Rural Montanans have banded together to try to try tame drought fueled fires that are burning within their communities.

“In our community there is a lot of farming and ranching, but we do have a little bit of a population that works in town and just lives out here. They’re so appreciative of having the fire department out here and they’re so happy to contribute in any way they can,” said Christy Hammond-Gerdes.

Many ranchers have lost an extremely valuable resource due to the fires, hay and forage. (Photo contributed by  Christy Hammond-Gerdes)
Many ranchers have lost an extremely valuable resource due to the fires, hay and forage. (Photo contributed by Christy Hammond-Gerdes)
Hammond-Gerdes is a fifth-generation rancher who ranches with her husband and raises a sixth-generation of agriculturalists. They live between Billings and Hardin, Montana. She and her husband serve on the volunteer fire department, where she also wears the hat of treasurer and has many other responsibilities. The volunteer fire department was started in the 1980s by Hammond-Gerdes’ grandfather.

Being involved in the agriculture industry and knowing the hardships that ranchers are going through due to the drought, Hammond-Gerdes is seeing the disappointment first-hand. She has seen an abundance of forage and hay combust into flames this summer, a devastating blow to ranching operations.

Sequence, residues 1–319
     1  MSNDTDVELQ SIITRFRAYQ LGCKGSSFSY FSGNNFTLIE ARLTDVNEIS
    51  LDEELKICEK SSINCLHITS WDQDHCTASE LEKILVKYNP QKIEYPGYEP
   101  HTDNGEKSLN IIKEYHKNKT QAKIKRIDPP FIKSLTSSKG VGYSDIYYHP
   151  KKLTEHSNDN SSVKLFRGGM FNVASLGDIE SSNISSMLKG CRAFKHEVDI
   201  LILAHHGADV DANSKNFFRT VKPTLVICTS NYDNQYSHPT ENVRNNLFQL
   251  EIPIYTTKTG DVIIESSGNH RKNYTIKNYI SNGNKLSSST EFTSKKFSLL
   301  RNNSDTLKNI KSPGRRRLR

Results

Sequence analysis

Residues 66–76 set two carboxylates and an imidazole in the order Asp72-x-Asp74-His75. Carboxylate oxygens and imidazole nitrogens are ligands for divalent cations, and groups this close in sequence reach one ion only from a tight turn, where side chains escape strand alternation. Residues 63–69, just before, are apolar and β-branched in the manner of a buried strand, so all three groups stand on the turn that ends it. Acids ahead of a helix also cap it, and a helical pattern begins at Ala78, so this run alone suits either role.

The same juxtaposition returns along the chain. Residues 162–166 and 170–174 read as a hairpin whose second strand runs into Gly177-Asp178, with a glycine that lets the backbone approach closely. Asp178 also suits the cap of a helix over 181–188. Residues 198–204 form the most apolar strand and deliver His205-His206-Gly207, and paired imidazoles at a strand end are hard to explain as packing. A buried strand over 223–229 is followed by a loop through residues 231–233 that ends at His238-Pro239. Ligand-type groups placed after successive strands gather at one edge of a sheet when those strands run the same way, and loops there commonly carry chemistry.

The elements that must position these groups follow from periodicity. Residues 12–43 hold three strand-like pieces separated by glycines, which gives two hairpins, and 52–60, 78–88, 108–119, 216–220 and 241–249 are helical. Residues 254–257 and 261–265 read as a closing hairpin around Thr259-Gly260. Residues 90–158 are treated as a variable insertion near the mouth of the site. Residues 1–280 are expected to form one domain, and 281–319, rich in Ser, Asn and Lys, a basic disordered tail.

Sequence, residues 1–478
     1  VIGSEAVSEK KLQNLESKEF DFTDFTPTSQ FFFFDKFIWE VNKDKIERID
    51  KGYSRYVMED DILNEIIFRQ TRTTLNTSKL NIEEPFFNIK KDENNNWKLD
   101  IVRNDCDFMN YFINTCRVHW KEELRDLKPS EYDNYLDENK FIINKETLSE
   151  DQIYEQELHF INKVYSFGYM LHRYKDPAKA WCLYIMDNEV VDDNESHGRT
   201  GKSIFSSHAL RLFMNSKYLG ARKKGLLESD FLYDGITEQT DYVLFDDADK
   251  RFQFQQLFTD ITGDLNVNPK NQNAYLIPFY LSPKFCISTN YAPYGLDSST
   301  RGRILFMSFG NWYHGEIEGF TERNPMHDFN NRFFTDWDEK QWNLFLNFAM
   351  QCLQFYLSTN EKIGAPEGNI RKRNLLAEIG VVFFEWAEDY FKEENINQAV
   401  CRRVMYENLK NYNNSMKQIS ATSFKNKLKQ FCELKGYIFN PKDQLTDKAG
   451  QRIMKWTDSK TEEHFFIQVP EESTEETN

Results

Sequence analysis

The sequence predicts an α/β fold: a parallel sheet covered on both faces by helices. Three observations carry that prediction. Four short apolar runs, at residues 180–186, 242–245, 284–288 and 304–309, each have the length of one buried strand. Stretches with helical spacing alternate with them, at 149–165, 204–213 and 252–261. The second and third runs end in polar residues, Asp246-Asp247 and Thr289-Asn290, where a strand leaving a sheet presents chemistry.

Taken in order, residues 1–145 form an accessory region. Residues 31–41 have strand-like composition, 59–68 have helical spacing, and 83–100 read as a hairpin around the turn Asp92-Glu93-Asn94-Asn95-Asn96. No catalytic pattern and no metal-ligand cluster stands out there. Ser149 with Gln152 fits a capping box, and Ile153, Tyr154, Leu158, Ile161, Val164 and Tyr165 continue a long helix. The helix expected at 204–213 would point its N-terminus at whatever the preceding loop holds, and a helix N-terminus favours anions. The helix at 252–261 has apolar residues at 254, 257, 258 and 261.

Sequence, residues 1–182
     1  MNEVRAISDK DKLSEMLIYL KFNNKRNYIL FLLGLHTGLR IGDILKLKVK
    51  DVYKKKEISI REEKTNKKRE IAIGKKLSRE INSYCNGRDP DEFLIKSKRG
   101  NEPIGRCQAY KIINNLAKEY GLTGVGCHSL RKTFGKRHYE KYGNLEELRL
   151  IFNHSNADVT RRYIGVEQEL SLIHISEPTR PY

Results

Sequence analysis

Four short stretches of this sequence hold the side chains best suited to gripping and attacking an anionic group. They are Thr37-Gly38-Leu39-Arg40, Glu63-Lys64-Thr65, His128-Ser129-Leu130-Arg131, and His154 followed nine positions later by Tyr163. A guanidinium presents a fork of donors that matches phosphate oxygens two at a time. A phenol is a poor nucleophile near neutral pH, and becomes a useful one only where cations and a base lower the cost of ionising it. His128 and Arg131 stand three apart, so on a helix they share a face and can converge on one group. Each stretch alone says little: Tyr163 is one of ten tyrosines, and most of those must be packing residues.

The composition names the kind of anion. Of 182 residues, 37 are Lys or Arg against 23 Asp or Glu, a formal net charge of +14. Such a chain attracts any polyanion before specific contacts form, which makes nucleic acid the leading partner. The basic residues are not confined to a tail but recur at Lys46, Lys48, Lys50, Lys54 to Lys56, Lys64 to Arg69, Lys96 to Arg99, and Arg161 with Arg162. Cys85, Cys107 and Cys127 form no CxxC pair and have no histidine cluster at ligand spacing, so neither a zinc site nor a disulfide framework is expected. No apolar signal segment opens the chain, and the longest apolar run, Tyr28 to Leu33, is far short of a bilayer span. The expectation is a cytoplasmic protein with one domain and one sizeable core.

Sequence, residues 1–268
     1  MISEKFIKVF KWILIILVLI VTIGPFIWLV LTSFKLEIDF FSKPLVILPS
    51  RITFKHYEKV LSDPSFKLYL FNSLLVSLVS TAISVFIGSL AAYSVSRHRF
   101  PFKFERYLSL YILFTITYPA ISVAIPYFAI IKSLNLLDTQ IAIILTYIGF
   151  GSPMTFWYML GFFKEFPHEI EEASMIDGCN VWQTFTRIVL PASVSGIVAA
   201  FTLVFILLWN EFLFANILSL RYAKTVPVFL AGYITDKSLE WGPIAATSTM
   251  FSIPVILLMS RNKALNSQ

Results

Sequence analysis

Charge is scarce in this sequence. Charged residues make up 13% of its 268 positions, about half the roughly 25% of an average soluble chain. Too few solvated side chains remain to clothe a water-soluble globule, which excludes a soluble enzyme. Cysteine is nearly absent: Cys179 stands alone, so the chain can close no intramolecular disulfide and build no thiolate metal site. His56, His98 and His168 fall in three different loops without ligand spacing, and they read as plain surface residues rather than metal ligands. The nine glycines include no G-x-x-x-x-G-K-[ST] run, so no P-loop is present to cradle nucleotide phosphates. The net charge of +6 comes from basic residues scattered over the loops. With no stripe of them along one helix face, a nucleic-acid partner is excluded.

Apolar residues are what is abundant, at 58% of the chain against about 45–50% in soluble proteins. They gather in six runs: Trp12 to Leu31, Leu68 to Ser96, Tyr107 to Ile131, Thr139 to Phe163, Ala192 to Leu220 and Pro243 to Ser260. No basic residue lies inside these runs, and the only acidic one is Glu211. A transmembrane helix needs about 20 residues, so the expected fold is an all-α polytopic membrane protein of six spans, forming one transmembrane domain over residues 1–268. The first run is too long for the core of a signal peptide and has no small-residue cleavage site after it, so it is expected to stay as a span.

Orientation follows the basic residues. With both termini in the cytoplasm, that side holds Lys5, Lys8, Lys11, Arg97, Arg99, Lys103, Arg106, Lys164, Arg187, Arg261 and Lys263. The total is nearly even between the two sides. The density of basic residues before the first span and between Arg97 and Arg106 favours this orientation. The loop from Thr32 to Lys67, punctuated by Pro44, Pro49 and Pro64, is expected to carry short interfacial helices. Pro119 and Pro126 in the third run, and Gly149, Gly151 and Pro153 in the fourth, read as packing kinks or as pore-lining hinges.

“With hay prices what they are, that is so devastating. It makes you sick. I don’t know how they’re going to replace it. There is no hay,” Hammond-Gerdes said.

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Hammond-Gerdes’ sister-in-law, Corrine Hammond, volunteers her time on the local fire department as well. She said the dry conditions have made it quite the summer season to fight fires. She ranches with her husband as well.

“Flames move fast through grassland in general, but with it being so dry the fires have been moving even faster,” she said.

For Hammond, having a fire department in the community is essential to beating these fires. It allows rapid response time, instead of waiting for a fire department from another area to make the trek to their acres.

“We are able to see the first puff of smoke, and we are able to get to it before it gets large,” Hammond said.

Surprisingly, the fire season in general has not been bad in their part of rural Montana, according to Hammond-Gerdes. However, due to the dry conditions, it allows the fires to move much quicker than normal and allows them to sustain and be active for a much longer period of time.

The volunteer fire department is able to get to fires within the community much faster than an outside source could. (Photo contributed by  Christy Hammond-Gerdes)
The volunteer fire department is able to get to fires within the community much faster than an outside source could. (Photo contributed by Christy Hammond-Gerdes)
The volunteer fire department is a community operation, requiring all hands on deck and everyone lending a helping hand in a time of need due to the flames.

“There are not a lot of people in our little community that don’t help in some way with it,” Hammond-Gerdes said. “It just really brings out the best in people. It’s really heart warming to get so many phone calls asking if they can help or what they can do.”